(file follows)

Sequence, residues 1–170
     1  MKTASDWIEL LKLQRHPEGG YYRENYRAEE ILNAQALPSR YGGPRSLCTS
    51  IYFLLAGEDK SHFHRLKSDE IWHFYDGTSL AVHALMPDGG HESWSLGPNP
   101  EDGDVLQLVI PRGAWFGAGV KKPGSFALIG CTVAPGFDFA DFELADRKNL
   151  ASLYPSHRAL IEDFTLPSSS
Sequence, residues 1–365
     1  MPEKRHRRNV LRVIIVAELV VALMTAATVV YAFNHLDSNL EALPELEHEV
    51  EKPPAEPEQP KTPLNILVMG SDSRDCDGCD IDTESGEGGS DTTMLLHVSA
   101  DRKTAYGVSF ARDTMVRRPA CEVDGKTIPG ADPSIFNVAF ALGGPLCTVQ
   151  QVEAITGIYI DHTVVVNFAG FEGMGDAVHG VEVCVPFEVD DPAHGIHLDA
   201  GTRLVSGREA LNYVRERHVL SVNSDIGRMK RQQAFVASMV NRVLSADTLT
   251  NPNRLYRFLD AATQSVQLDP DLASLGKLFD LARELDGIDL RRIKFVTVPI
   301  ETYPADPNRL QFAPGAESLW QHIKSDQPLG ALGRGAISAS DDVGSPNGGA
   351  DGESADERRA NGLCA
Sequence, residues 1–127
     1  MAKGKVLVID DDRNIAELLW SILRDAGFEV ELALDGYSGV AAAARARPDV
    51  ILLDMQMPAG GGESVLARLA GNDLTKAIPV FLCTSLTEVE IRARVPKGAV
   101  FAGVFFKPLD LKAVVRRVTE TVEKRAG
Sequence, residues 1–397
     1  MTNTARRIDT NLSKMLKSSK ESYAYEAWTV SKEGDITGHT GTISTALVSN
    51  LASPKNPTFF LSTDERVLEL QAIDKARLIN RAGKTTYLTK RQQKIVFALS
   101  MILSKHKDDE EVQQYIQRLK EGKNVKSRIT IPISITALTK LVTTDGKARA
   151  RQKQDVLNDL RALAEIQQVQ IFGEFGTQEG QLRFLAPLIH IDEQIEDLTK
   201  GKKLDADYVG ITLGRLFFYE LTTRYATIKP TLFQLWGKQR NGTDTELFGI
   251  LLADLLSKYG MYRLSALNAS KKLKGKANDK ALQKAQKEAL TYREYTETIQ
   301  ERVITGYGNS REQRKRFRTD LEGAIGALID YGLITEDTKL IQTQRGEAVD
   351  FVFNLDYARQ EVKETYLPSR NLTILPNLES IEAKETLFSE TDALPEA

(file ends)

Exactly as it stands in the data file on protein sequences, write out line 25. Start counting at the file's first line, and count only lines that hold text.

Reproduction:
   251  LLADLLSKYG MYRLSALNAS KKLKGKANDK ALQKAQKEAL TYREYTETIQ